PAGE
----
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Posts tagged "george lucas"

Mar 27, 2013
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Spitballing Indy: George Lucas, Steven Spielberg, and the creation of Indiana Jones

[O]ver several days in 1978, George Lucas, Steven Spielberg, and the screenwriter Lawrence Kasdan worked through an idea Lucas had for a film called “Raiders of the Lost Ark,” and they recorded the sessions. And there’s a transcript. And it’s online.

As the men hash out the Jones iconography, they refer, incessantly, to other films, invoking Eastwood, Bond, and Mifune. He will dress like Bogart in “The Treasure of the Sierra Madre,” Lucas says: “the khaki pants…the leather jacket. That sort of felt hat.” Oh, and also? “A bullwhip.” He’ll carry it “rolled up,” Lucas continues. “Like a snake that’s coiled up behind him.”

“I like that,” Spielberg says. “The doctor with the bullwhip.”

Dec 14, 2012
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Oct 01, 2012
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The People Vs. George Lucas

It suffers from being just a tad too long (it’s a rare movie that needs to be more than 90 minutes, and it’s a very rare documentary that needs to be more than 60) but I liked this documentary quite a bit. Here’s The Atlantic:


  The central question is this: What does a creator owe his fans, and what do the fans owe the creator in return? […] Does Lucas have the right to go back and change his films, and then make the originals more or less unavailable? At what point do creative works become more the domain of the public than the creator?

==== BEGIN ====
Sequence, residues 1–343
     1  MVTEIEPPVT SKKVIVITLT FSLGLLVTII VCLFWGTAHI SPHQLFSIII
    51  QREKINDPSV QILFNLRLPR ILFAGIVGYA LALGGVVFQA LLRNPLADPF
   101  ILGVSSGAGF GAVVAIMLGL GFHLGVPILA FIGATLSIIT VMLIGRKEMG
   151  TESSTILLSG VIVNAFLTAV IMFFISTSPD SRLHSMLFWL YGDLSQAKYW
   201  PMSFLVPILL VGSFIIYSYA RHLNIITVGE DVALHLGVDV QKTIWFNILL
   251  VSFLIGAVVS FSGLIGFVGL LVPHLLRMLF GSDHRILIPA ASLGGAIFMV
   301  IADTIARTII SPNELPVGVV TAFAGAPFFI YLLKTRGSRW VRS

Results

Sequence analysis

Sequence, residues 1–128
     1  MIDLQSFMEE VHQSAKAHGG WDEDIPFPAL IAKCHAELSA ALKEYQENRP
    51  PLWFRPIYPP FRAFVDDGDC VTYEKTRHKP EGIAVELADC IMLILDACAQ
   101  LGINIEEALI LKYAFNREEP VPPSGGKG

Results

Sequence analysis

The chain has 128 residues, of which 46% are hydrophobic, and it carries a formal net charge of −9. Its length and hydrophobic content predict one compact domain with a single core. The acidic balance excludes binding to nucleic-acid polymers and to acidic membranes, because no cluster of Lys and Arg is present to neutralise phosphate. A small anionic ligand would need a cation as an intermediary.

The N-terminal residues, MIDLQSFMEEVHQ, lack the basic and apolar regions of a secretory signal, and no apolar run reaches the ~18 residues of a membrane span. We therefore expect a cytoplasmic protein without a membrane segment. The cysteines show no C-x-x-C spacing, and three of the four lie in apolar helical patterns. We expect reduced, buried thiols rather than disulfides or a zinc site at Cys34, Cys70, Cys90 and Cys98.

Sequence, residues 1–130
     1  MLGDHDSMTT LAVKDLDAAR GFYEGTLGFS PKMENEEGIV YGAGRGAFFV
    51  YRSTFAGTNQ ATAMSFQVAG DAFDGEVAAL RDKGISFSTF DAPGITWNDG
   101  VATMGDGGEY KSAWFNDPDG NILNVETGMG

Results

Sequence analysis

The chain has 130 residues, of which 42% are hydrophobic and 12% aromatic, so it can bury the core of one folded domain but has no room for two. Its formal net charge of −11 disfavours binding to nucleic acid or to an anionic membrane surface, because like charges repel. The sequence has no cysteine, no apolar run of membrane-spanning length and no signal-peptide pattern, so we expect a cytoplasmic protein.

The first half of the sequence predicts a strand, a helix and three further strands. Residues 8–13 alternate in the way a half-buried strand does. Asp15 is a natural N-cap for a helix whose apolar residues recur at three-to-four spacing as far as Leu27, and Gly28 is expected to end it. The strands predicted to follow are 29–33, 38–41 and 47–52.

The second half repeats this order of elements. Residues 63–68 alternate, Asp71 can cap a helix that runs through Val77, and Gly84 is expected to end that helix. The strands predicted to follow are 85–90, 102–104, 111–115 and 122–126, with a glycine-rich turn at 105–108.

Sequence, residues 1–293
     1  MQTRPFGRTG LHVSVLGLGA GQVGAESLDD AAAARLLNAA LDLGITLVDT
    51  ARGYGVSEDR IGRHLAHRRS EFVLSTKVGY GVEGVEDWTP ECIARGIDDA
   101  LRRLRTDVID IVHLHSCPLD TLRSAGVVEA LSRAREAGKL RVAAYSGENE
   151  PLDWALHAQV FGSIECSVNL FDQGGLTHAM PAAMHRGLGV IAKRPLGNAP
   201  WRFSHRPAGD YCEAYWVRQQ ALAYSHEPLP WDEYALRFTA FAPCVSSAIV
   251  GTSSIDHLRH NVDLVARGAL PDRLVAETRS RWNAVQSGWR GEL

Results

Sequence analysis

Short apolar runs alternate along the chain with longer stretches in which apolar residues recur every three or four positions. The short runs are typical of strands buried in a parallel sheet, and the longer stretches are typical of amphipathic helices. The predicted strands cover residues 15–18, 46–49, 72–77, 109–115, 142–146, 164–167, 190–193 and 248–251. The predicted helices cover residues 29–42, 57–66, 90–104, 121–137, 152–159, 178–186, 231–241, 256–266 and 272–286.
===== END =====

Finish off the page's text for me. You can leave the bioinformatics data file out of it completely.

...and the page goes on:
As a casual fan of Star Wars, I actually learned a lot about Lucas.  For instance, I didn’t know he was in a car crash as a teenager, and that was a major event in getting his life on track: “I thought, well, I’m here now, and every day now is an extra day.”

While I despise the existence of the prequels and the tinkered-with versions of the original episodes, I also found myself really sympathizing with Lucas. (He is, after all, the man who created Han Solo, Indiana Jones, and my beloved LucasArts game company.) Lucas started out as a film student who wanted to make personal, experimental films. In a lot of ways, Star Wars is the worst thing that could’ve happened to those ambitions. This idea is most clearly expressed by Francis Ford Coppola, one of Lucas’s oldest friends:


  The great success of Star Wars didn’t leave to the [independent films] and the personal filmmaking. George never made another film after that. Instead, he became a producer and an entrepreneur…We were deprived of those films that he was going to make and might have made. And instead we have an enormous industrial marketing complex…. No matter how many billions of dollars Star Wars could earn, no matter how valuable that franchise is, it isn’t worth a tenth of what he’s worth as an artist and what he’s capable of doing.


There’s a ton of things Lucas’s story makes me think about: the perils of success, how often worldbuilding and merchandising go hand-in-hand, the importance of constraints, criticism and collaboration, how the auteur theory can spin out of control, knowing when to quit and be finished…

Well worth a watch.

The People Vs. George Lucas

It suffers from being just a tad too long (it’s a rare movie that needs to be more than 90 minutes, and it’s a very rare documentary that needs to be more than 60) but I liked this documentary quite a bit. Here’s The Atlantic: